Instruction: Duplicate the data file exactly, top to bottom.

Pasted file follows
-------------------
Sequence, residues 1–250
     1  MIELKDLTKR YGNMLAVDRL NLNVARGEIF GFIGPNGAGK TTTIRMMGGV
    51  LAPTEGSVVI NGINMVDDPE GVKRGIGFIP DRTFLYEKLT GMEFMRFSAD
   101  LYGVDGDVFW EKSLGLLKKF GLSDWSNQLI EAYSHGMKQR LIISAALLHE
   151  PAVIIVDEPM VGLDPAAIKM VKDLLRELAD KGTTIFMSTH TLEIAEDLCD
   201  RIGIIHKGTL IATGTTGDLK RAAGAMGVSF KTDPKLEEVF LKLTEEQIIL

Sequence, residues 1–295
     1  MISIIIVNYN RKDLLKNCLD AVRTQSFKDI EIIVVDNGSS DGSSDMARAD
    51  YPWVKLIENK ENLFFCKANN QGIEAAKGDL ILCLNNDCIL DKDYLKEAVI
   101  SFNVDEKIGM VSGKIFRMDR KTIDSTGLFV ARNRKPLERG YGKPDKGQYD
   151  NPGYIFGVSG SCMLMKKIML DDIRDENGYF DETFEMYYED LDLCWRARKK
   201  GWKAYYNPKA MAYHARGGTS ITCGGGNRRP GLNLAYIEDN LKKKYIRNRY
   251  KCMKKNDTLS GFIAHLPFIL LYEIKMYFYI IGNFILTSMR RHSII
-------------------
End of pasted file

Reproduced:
Sequence, residues 1–250
     1  MIELKDLTKR YGNMLAVDRL NLNVARGEIF GFIGPNGAGK TTTIRMMGGV
    51  LAPTEGSVVI NGINMVDDPE GVKRGIGFIP DRTFLYEKLT GMEFMRFSAD
   101  LYGVDGDVFW EKSLGLLKKF GLSDWSNQLI EAYSHGMKQR LIISAALLHE
   151  PAVIIVDEPM VGLDPAAIKM VKDLLRELAD KGTTIFMSTH TLEIAEDLCD
   201  RIGIIHKGTL IATGTTGDLK RAAGAMGVSF KTDPKLEEVF LKLTEEQIIL

Sequence, residues 1–295
     1  MISIIIVNYN RKDLLKNCLD AVRTQSFKDI EIIVVDNGSS DGSSDMARAD
    51  YPWVKLIENK ENLFFCKANN QGIEAAKGDL ILCLNNDCIL DKDYLKEAVI
   101  SFNVDEKIGM VSGKIFRMDR KTIDSTGLFV ARNRKPLERG YGKPDKGQYD
   151  NPGYIFGVSG SCMLMKKIML DDIRDENGYF DETFEMYYED LDLCWRARKK
   201  GWKAYYNPKA MAYHARGGTS ITCGGGNRRP GLNLAYIEDN LKKKYIRNRY
   251  KCMKKNDTLS GFIAHLPFIL LYEIKMYFYI IGNFILTSMR RHSII